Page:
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The family has run Folly Farm on the scenic spot overlooking the Mataura River since 1888, when William John Hamill, Emily’s great, great grandfather, bought the property. The Folly Farm name was in reference to some in the area at the time who thought the patch of land was too rough to break in.
Generations of the Hamill family have made light of that notion ever since — her great grandfather was even named Folly Hamill.
Folly Farm covers 301ha, on which they run 830 milking cows. About 40ha of the farm is made up of native bush, wetlands and new planting areas, in slip and small gully areas.
About 18 months ago, Miss Hamill (22) noticed her father Mark was very good at identifying native plant species, and decided she wanted to match him.
She spotted ribbonwoods and other native seedlings popping up around the farm and started plucking them out, bagging them in composted lawn clippings ready for planting elsewhere.
She now has more than 900 young native plants in her impressive home nursery to plant around the farm.
She started buying bags for the natives at The Warehouse, but quickly bought the store out of stock, so now buys bags by the hundred online. She has 17 different species of native plants and trees, including black matipo, fuchsia, cabbage tree, pepper trees, wineberries, kahikatea, miro and kowhai.
"I’ve got a lot better at identifying the different types of trees," she said.
Seeing the tiny seedlings grow into small trees is satisfying, and neighbours and other farm visitors have been interested to check out her nursery.
"Its a proud moment, and it’s great to look at the trees as they grow," she said.
Folly Farm has many fuchsia trees, and one of the highlights in the past year was a kaka spending time hanging out in their trees. The family see many kereru as well. A flock of 20 gathered in the native bush for a time.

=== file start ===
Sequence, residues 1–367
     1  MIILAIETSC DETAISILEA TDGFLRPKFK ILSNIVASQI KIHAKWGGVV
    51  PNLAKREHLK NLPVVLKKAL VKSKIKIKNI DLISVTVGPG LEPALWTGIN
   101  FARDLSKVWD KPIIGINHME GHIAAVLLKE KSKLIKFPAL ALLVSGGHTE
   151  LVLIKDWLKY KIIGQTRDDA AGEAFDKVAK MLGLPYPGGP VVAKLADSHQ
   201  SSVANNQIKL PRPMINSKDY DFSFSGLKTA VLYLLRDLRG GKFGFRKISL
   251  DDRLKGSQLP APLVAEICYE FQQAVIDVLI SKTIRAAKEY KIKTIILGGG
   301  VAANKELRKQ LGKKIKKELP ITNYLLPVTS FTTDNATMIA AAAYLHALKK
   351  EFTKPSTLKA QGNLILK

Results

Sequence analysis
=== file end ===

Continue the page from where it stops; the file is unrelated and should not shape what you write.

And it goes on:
While the proximity to the coast, about 10km away, presented some challenges with salt winds, a bit of hard work and occasional weeding has ensured the survival of good numbers of the plantings.
Native species are complemented with heritage apple, pear and plum trees, including two 130-year-old pear trees, near where the original family homestead once stood.
The farm is also home to an eel-laden lagoon. Once a duck-shooting pond, the water is now a sanctuary. It has not been used for duck-shooting since World War 1 to honour the family members who never returned home.
Looking out over the paddocks, Miss Hamill said the plantings would look amazing in 20 years’ time.
She had also relocated some cabbage trees and other native plants growing under hedges.
Her mother Deborah, said it was Emily’s way of putting her mark on the farm for future generations.
"I guess most Hamills that have lived on the farm have their favourite trees they have planted," Miss Hamill said modestly.
Mr Hamill, who is chairman of the Lower Mataura Catchment Group, reckoned his daughter has planted as many trees as anyone else in the family across the five generations.
He said the fenced-off areas would have been considered a waste of land once upon a time, but are now a real asset to the property.
Ms Hamill is working on a run-off block at nearby Fortrose, looking after young stock, as part of getting some more on-farm experience.
She has a bachelor of science degree, majoring in geography and minoring in environmental management and geology, and is studying towards a graduate diploma in environmental management through Massey University. She wants to work in the environmental space and has a particular interest in water quality. That’s if she doesn’t come back to take up the reins at Folly Farm.
"Well, I’ve got two older brothers, so there’s a bit of competition," she said, laughing.
Thriving Southland catchment group co-ordinator Sandra Campbell said it was fantastic to see such drive to make a positive and long-lasting impression on the environment.
"Emily is an inspiration to our catchment groups across Southland, and embodies exactly the thinking Southland needs."